If Downtown Dubai, home to Burj Khalifa, the world’s tallest tower, and Dubai Mall, one of the largest malls in the world, is the community where you want to own a house, then be ready to pay for maintenance of your unit - a lot.
A report by Land Sterling, chartered surveyor and property consultancy firm, puts the average service charge in the master development at Dh22.5 per square feet (psf) — the highest among Dubai’s freehold communities.
The least expensive community is International City, with average service charges of Dh6.5 psf.
It, however, ranks one on the list of highest net yield areas.
A unit owner here can get a net return of 8.3 per cent compared with 4.6 per cent in Downtown Dubai, the report says, compiled using data for the period of Q4 2013 to Q4 2014.
Average service charges in Business Bay, Dubai Marina and Jumeirah Lakes Towers – all the three communities, were put at Dh15 psf, respectively, while in The Greens community average charges were Dh13 psf.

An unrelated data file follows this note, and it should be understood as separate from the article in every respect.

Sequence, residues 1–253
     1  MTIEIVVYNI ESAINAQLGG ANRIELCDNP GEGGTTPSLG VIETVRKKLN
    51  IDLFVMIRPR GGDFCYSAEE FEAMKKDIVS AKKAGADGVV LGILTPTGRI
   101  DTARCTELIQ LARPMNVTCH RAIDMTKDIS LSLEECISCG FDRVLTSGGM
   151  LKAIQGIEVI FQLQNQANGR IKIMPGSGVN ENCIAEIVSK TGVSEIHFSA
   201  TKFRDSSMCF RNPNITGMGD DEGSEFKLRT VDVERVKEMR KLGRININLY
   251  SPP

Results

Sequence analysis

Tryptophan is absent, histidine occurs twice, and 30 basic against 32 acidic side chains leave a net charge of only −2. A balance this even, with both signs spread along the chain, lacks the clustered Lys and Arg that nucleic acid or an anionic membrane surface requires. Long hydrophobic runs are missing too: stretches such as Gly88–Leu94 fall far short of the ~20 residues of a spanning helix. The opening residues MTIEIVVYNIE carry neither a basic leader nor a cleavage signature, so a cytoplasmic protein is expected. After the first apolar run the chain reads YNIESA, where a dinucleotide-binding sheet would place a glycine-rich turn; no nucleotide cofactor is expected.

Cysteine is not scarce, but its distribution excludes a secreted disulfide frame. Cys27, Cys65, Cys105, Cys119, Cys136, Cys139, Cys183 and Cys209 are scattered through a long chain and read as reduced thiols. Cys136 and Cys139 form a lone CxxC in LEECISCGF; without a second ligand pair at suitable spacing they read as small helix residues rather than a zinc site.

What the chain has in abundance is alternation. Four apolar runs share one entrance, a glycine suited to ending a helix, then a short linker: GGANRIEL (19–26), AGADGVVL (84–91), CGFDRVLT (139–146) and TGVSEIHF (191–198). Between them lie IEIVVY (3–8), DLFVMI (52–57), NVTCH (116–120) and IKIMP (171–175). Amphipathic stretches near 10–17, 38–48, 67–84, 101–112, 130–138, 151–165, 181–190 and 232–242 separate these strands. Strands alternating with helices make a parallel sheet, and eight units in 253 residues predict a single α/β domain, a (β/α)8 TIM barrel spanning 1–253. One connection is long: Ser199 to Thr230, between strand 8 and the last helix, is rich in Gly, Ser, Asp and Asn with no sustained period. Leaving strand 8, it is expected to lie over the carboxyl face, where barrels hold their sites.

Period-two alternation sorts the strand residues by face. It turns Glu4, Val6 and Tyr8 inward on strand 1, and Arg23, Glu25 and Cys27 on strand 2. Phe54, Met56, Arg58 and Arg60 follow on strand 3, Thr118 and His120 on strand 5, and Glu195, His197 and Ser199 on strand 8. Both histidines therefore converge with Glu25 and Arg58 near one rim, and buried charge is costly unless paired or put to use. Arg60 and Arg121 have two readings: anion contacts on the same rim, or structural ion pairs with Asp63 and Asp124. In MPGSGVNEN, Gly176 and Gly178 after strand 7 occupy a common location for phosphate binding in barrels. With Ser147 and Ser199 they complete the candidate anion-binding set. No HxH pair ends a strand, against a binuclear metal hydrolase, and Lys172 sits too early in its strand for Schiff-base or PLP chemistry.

In Discovery Gardens, average service charges stood at Dh12.5 psf, while in Palm Jumeirah, average charge were at Dh12 psf.
Average service fees in Dubai Sports City, International Media Production Zone and Jumeirah Village Circle were at Dh10 psf, the report disclosed.
Dubai has already taken steps to bring transparency in the sector with the Real Estate Regulatory Agency (Rera), the regulatory arm of Dubai Land Department (DLD), having unveiled a service charge and maintenance index for freehold areas in October 2014.
The index is currently providing details of 300 projects in 22 master developments such as Business Bay, Dubai Marina, Jumeirah Beach Residence, Jumeirah Lakes Towers, International City, Motor City and Dubai Silicon Oasis.
Service charges, however, have been a contentious issue with developers having to resort to blockades and legal notices to recover outstanding charges.
Rera has issued a circular in 2014 notifying developers that they would have to form an interim owners' association (IOA) before claiming any fees for services after the first year of operation is over.
The circular, citing Law No.27 of 2007 regarding ownership of jointly owned property in Dubai, further mentioned that the developer would have to submit a financial report to the regulator on the expenses of the service fees of previous years, which would be audited so to obtain approvals required for new fees.